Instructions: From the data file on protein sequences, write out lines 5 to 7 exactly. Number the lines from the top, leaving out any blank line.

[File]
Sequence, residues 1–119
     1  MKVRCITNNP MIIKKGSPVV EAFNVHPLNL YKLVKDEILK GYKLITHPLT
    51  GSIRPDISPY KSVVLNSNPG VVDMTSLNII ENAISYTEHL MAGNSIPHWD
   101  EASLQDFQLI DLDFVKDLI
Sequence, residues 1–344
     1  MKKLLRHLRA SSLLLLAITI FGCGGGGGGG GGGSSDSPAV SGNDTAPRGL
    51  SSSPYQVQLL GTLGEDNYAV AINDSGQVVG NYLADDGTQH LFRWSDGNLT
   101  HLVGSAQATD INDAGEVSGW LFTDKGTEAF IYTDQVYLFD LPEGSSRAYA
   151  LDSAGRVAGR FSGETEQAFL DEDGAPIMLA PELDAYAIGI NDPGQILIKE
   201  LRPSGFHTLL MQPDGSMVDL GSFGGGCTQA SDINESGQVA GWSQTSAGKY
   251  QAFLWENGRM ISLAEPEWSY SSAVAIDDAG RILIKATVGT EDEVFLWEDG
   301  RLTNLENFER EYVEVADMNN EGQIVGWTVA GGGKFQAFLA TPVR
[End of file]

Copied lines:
Sequence, residues 1–344
     1  MKKLLRHLRA SSLLLLAITI FGCGGGGGGG GGGSSDSPAV SGNDTAPRGL
    51  SSSPYQVQLL GTLGEDNYAV AINDSGQVVG NYLADDGTQH LFRWSDGNLT